b. Which bank (by using ENPA) do you consider as being exposed to greater credit risk? (Assume the tax rate at 30% and proportion of NPAs in total assets as 15% for all banks) ( 5 marks) 4. The following is the extract of cash credit account of Victory Traders in the books of Super Bank Ltd. Date 01/07/2008 25/07/2008 01/08/2008 25/08/2008 01/09/2008 10/09/2008 25/09/2008 Balance (Rs.) 2,00,000 2,20,000 2,40,000 2,60,000 2,80,000 3,00,000 2,48,000

Cash Credit Limit Rs.3,00,000 Rate of interest 12% p.a. Assuming that the number of days in a year is 360 days. Calculate the amount of interest charged by the bank on the cash credit account of the company for the quarter ended September 30, 2008. ( 4 marks)

Caselet 1
Read the caselet carefully and answer the following questions: 5. What is monetary policy? Discuss the prime objectives of monetary policy. ( 6 marks) 6. RBI uses various tools to implement its monetary policy. Discuss about these tools in brief. ( 7 marks) The state of flux characterizing global macroeconomic and financial conditions has confronted the conduct of monetary policy in various parts of the world with a similar spectrum of uncertainties and shifts therein. In fact, policy decision making in all countries has had to contend with difficulties of distinguishing news from noise in monitoring variables that are used to gauge the state of economic activity and the evolution of financial markets. This has made the dilemmas facing monetary policy sharper and policy errors costlier than before. In turn, this has brought about considerable cross-fertilization and convergence in policy settings, choice of instruments and communication strategies. For monetary authorities vested with multiple objectives, the challenge is to continually rebalance the weights assigned to each. Superimposed upon issues are country-specific factors which warrant tailored policy responses. For India, the linkages with the rest of the world in the context of the growing integration with the global economy are getting stronger and accordingly, global developments are becoming increasingly significant. Nevertheless, the evolution of domestic conditions of high growth with price stability, stable and vibrant financial markets and institutions, comfortable foreign exchange reserves and the entrenchment of democratic processes provide room for flexible and timely responses to the evolving circumstances in an uncertain external environment. The Annual Statement on Monetary Policy on the basis of a broadly unchanged assessment of the macroeconomic outlook noted that increased global uncertainties, high and volatile international prices of oil, incomplete pass-through of oil prices domestically, changes in trajectory of the policy rate in the US, overhang of liquidity, credit growth, sustained industrial growth and possible capacity pressures, enlargement of the trade deficit, infrastructural constraints and delayed monsoon could prompt a change in the stance of policy. In the overall assessment of the RBI Governor, there have been significant shifts in both global and domestic developments in relation to initial assessments. The dangers of global recession have increased at the current juncture although consensus expectations do not rule out a soft landing. On the domestic front, the outlook remained positive up to January 2008. Since then, the prospects for growth in the year ahead have been trimmed as risk to inflation and inflation expectations from the upside pressures due to international food, crude and metal prices have become more potent and real than before. For monetary policy purposes, real Gross Domestic Product (GDP) growth in 2008-09 may be placed in the range of 8.0 to 8.5 per cent, assuming that (a) global financial and commodity markets and real economy will be broadly aligned with the central scenario as currently assessed and (b) domestically, normal monsoon conditions prevail. In view of the lagged and cumulative effects of monetary policy on aggregate demand and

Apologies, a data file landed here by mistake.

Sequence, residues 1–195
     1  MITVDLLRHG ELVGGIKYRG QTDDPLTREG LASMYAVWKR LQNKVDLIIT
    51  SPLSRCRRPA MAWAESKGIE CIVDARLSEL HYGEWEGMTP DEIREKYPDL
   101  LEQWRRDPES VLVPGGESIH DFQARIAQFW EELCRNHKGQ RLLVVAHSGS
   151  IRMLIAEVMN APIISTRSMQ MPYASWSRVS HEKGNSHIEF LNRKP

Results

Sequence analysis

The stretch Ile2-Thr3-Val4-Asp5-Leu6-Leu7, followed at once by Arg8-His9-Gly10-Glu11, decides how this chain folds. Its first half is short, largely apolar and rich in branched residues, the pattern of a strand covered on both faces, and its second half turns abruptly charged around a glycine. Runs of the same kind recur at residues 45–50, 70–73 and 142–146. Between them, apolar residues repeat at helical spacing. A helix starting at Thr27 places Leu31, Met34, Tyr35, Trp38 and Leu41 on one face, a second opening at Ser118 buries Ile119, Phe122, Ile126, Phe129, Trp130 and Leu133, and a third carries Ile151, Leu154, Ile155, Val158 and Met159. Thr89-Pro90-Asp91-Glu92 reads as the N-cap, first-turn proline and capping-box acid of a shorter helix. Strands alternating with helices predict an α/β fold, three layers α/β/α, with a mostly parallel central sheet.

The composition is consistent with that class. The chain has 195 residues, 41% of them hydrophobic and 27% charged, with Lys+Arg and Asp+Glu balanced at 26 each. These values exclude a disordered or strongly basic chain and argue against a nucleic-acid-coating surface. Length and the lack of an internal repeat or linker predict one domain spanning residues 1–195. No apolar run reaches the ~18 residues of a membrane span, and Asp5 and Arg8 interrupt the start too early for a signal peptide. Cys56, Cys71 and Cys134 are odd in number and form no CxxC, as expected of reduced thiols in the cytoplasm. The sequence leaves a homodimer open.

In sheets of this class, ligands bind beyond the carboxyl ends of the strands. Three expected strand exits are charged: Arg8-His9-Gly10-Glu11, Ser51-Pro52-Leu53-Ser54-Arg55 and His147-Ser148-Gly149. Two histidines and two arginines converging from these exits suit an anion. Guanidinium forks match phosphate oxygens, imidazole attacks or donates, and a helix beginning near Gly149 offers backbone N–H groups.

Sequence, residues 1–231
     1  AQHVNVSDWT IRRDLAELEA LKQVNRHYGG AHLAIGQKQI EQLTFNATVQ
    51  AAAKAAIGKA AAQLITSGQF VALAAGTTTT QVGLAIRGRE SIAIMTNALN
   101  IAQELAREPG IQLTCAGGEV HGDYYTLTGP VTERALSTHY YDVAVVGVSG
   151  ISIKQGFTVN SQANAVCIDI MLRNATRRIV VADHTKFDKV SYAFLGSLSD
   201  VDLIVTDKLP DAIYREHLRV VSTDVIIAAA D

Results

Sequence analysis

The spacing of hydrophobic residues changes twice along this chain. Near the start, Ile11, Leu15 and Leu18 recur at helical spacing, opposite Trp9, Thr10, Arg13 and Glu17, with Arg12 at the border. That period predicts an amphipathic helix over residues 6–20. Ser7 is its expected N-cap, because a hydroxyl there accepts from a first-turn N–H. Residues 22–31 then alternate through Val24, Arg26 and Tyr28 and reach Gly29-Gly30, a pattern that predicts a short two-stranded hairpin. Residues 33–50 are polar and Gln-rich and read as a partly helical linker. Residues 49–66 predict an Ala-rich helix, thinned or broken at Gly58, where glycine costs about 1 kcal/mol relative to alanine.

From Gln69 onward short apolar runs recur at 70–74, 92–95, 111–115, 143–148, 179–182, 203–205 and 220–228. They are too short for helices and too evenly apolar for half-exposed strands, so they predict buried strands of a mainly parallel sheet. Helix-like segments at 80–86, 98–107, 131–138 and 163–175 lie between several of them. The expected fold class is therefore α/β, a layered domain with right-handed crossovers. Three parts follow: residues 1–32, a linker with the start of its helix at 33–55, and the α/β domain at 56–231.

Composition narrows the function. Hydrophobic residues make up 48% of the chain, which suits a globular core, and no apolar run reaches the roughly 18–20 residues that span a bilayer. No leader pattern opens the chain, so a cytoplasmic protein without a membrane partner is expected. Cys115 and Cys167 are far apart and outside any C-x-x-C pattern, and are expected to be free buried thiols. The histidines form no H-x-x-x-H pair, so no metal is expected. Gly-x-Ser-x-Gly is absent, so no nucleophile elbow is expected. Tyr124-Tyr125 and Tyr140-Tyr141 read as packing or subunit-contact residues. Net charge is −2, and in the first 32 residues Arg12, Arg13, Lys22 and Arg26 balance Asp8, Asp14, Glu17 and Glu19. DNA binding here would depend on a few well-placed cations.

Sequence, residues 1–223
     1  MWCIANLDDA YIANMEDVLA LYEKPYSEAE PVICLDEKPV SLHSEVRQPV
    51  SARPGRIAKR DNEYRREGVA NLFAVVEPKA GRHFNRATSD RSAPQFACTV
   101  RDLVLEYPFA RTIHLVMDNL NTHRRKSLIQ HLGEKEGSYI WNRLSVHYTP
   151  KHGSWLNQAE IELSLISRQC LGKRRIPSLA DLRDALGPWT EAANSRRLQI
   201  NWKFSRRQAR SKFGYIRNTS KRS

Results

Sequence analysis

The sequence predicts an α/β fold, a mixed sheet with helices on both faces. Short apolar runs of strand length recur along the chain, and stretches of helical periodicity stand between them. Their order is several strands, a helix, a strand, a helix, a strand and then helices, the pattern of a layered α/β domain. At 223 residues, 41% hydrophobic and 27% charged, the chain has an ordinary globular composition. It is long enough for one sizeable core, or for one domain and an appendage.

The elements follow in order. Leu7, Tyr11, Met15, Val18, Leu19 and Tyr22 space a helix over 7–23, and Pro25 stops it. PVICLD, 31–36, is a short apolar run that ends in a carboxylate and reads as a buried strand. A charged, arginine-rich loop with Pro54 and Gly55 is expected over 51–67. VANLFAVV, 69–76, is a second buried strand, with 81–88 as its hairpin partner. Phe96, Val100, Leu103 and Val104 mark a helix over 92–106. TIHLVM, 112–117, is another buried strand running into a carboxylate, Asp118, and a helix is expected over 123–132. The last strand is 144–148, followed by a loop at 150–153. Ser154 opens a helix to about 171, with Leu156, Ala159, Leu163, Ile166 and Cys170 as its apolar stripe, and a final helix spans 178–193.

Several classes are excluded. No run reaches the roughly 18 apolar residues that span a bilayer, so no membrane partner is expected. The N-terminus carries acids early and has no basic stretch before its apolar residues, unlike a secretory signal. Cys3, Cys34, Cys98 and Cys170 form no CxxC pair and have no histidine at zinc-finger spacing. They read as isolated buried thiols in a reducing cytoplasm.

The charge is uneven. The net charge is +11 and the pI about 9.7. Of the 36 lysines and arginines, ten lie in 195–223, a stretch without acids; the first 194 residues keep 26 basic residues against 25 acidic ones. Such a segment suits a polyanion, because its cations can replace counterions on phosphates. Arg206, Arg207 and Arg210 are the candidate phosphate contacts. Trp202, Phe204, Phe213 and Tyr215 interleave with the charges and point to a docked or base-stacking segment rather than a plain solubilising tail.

assuming that supply management would be conducive, the policy endeavour would be to bring down inflation from the current high level of 12 per cent in 2008-09 to as low as soon as possible. The RBI Governor observed that for barring the emergence of any adverse and unexpected developments in various sectors of the economy, assuming that capital flows are effectively managed and keeping in view the current assessment of the economy including the outlook for growth and inflation, the overall stance of monetary policy in 2008-09 broadly be focussed: To ensure a good monetary and interest rate environment that accords high priority to for growth in financial markets while being conducive to continuation of the growth momentum. To respond swiftly on a continuing basis to the evolving constellation of adverse international developments and to the domestic situation To emphasize credit quality as well as credit delivery, in particular for employmentintensive sectors, while pursuing financial inclusion.

END OF CASELET 1

Caselet 2